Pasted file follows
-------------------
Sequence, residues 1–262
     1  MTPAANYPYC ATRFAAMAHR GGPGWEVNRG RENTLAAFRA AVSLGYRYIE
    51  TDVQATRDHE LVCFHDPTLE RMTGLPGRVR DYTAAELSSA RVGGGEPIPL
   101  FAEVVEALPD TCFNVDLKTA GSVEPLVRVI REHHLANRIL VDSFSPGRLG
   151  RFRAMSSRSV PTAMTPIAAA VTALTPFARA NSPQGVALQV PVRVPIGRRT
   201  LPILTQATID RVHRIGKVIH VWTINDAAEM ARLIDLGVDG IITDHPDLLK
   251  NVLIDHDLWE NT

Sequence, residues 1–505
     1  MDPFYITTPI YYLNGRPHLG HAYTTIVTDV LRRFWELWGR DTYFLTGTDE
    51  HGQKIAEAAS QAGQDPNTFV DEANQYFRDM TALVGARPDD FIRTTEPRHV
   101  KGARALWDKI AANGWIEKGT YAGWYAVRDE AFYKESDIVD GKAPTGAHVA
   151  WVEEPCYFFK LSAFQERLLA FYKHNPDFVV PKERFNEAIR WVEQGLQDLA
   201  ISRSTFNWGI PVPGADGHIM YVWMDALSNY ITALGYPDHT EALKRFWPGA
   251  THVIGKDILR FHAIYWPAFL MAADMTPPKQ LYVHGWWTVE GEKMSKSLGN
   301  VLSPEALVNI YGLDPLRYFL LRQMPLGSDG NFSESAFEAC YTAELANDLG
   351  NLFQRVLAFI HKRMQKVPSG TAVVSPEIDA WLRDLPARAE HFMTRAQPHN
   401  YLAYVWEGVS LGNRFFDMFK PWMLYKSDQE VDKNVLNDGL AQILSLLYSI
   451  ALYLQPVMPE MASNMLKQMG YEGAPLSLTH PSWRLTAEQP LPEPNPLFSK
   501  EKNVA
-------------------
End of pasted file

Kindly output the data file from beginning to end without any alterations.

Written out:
Sequence, residues 1–262
     1  MTPAANYPYC ATRFAAMAHR GGPGWEVNRG RENTLAAFRA AVSLGYRYIE
    51  TDVQATRDHE LVCFHDPTLE RMTGLPGRVR DYTAAELSSA RVGGGEPIPL
   101  FAEVVEALPD TCFNVDLKTA GSVEPLVRVI REHHLANRIL VDSFSPGRLG
   151  RFRAMSSRSV PTAMTPIAAA VTALTPFARA NSPQGVALQV PVRVPIGRRT
   201  LPILTQATID RVHRIGKVIH VWTINDAAEM ARLIDLGVDG IITDHPDLLK
   251  NVLIDHDLWE NT

Sequence, residues 1–505
     1  MDPFYITTPI YYLNGRPHLG HAYTTIVTDV LRRFWELWGR DTYFLTGTDE
    51  HGQKIAEAAS QAGQDPNTFV DEANQYFRDM TALVGARPDD FIRTTEPRHV
   101  KGARALWDKI AANGWIEKGT YAGWYAVRDE AFYKESDIVD GKAPTGAHVA
   151  WVEEPCYFFK LSAFQERLLA FYKHNPDFVV PKERFNEAIR WVEQGLQDLA
   201  ISRSTFNWGI PVPGADGHIM YVWMDALSNY ITALGYPDHT EALKRFWPGA
   251  THVIGKDILR FHAIYWPAFL MAADMTPPKQ LYVHGWWTVE GEKMSKSLGN
   301  VLSPEALVNI YGLDPLRYFL LRQMPLGSDG NFSESAFEAC YTAELANDLG
   351  NLFQRVLAFI HKRMQKVPSG TAVVSPEIDA WLRDLPARAE HFMTRAQPHN
   401  YLAYVWEGVS LGNRFFDMFK PWMLYKSDQE VDKNVLNDGL AQILSLLYSI
   451  ALYLQPVMPE MASNMLKQMG YEGAPLSLTH PSWRLTAEQP LPEPNPLFSK
   501  EKNVA